The Battle Over South Dakota’s Justified Homicide Bill

South Dakota‘s proposed “justified homicide bill” has been withdrawn for the time being, but don’t be surprised if it returns like cow flop on a South Dakota rancher’s boots.

What’s the controversy? Read from the bill for yourself, “Homicide is justifiable if committed by any person while resisting any attempt to murder such person, or to harm the unborn child of such person in a manner and to a degree likely to result in the death of the unborn child, or to commit any felony upon him or her, or upon or in any dwelling house in which such person is.”

Some proponents of the bill, including bill sponsor and anti-abortion advocate Rep. Phil Jensen (R-South WTFistan), claim the bill has nothing to do with abortion. Opponents, and even some advocates believe that’s hogwash – and if you can read, that seems a reasonable interpretation – and doubt that it’s legally sound.

Legal wrangles over abortion have gone non-stop since Roe v. Wade became the basis for the law of the land, but the nation rarely looks at the pretzel logic behind the legality debate.

Pro-lifers often argue a fetus is a full-blown human being and that it’s justified, if not morally correct, to perform a sort of vigilante capital punishment on abortion providers because they’re “murderers”. So if self-appointed juries can mete out capital punishment for “murdering” abortion providers, how can many of those same people support state-sponsored capital punishment.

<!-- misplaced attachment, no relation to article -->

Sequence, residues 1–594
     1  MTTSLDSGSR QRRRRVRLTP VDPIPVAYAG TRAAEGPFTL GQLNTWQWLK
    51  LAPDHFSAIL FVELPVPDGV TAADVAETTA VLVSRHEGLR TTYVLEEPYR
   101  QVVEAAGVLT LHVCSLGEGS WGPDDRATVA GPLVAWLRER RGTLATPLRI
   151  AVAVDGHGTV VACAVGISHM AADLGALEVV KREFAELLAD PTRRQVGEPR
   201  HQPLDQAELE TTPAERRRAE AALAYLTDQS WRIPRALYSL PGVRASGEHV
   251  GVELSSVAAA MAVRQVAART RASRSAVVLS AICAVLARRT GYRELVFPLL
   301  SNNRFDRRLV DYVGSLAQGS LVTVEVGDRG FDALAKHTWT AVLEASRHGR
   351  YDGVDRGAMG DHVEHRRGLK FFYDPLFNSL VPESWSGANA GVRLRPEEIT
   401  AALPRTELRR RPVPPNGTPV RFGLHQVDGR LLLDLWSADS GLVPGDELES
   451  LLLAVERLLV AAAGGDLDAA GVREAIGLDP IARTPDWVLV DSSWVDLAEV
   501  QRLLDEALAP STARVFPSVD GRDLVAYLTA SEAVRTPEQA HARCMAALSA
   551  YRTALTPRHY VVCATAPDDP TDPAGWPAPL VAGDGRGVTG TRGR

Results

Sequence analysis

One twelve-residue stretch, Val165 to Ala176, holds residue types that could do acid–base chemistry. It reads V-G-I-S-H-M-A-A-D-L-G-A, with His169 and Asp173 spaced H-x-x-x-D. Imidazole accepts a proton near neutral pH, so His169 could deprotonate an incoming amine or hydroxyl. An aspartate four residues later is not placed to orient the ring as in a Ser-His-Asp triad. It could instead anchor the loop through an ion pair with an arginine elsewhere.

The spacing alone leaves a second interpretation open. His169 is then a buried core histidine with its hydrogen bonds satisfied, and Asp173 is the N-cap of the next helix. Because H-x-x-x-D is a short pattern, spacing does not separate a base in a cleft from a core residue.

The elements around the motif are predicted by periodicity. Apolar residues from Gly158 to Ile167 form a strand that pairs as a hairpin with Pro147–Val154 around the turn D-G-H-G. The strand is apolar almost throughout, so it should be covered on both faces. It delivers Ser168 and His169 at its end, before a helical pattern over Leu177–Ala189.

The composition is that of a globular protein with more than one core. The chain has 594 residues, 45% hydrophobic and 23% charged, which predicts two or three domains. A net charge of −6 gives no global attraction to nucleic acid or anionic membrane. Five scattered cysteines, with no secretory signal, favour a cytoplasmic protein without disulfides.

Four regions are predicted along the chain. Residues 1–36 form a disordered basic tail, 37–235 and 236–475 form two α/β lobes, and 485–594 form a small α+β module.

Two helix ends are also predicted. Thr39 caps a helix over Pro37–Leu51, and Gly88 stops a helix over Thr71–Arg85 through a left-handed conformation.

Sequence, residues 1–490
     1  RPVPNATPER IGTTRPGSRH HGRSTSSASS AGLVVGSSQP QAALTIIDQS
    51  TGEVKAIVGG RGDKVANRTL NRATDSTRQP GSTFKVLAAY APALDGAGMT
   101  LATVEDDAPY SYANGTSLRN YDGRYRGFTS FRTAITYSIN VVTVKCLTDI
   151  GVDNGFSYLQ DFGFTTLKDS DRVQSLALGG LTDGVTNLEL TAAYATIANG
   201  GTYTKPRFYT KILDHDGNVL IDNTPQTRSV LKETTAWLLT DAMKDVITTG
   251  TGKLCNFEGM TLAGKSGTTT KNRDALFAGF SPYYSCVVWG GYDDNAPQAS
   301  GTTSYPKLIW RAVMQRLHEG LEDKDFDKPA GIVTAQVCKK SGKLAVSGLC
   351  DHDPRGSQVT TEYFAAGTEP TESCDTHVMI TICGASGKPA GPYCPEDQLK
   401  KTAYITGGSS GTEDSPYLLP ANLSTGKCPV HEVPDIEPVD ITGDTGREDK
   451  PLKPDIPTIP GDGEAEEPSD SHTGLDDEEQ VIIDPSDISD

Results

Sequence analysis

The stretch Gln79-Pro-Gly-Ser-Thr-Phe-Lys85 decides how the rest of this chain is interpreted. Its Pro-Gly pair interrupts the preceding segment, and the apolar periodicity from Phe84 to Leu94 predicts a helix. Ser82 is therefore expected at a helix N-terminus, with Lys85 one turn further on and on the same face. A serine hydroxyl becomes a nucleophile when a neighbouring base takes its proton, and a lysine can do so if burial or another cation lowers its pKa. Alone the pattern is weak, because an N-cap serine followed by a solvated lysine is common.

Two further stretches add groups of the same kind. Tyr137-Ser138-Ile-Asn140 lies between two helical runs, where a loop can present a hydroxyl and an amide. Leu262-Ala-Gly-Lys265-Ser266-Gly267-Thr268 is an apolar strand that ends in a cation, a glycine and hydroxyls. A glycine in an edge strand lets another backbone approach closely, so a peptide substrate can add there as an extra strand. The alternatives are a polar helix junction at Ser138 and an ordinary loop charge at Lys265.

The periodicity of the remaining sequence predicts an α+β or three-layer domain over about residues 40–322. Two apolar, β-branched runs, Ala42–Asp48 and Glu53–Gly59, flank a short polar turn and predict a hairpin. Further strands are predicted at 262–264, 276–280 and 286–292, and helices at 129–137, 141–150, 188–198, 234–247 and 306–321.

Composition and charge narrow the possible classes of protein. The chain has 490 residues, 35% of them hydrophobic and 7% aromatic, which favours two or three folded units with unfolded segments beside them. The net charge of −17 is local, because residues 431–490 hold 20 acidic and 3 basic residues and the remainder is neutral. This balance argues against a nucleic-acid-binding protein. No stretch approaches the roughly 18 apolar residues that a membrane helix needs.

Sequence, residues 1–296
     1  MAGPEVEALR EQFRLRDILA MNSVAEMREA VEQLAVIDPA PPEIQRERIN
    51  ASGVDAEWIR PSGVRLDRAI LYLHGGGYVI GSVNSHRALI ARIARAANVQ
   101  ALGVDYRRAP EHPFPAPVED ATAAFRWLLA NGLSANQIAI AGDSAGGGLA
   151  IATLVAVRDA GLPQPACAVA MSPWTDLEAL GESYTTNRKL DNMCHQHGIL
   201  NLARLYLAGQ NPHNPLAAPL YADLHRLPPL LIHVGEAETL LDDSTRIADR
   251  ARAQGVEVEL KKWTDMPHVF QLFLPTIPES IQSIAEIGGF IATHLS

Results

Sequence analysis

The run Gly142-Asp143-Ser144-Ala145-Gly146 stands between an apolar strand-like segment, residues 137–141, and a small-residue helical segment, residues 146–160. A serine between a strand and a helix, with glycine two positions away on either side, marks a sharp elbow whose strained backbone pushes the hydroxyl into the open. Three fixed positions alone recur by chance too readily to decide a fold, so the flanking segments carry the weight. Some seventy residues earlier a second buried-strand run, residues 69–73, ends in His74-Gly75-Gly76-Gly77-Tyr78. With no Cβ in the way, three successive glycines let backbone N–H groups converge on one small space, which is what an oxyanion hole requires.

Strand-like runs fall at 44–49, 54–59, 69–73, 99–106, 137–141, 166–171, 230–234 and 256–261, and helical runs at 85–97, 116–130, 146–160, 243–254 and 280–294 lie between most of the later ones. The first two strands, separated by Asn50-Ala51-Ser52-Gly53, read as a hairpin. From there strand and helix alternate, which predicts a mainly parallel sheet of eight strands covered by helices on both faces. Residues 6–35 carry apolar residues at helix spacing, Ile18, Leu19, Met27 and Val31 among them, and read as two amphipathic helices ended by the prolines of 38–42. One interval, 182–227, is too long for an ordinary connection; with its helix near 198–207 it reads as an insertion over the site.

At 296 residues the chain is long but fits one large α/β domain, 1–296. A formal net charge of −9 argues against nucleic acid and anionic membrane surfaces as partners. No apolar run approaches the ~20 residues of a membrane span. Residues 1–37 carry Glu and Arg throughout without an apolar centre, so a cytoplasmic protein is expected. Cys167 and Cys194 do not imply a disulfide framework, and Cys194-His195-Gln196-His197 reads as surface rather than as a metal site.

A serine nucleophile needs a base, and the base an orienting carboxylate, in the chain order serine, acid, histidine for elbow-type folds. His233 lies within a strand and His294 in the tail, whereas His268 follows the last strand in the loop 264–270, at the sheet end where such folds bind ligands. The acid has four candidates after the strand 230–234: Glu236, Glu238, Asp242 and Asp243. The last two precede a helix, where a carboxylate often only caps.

Even if one wraps themselves in the cloak of religion, how’s it possible to cite the 6th commandment without caveat – Thou shalt not kill – as the basis for killing an abortionist while ignoring it when a capital criminal walks the Green Mile?

And for the record, pro-lifers could reverse this tangle of law and morality to bash the other side. After all, why is it OK for pro-choice advocates to argue it’s OK to terminate a pregnancy, but are equally inflamed about abolishing capital punishment.

The legality of this issue is valid, but it’s a dicey legal case that’s spread beyond just the courtroom. For years, both sides have short-sightedly used Roe v. Wade as a one-issue litmus test for judge approval to the exclusion of all other issues. Judges should be made up of more than this one issue.

Abortion is a tough nut, a moral and legal tangle whipped raw by high emotion. There’s no perfect answer because it isn’t a zero sum issue with a clear winner or loser – no matter how much the opponents and proponents wish it would be.

Perhaps we’d all be better off to step back and think about this a little more dispassionately instead of counting the number of angels that can dance on the head of a pinhead.

Or, a South Dakota legislator.

Cross posted at The Omnipotent Poobah Speaks!

 

 

 

The Battle Over South Dakota’s Justified Homicide Bill

South Dakota‘s proposed “justified homicide bill” has been withdrawn for the time being, but don’t be surprised if it returns like cow flop on a South Dakota rancher’s boots.

What’s the controversy? Read from the bill for yourself, “Homicide is justifiable if committed by any person while resisting any attempt to murder such person, or to harm the unborn child of such person in a manner and to a degree likely to result in the death of the unborn child, or to commit any felony upon him or her, or upon or in any dwelling house in which such person is.”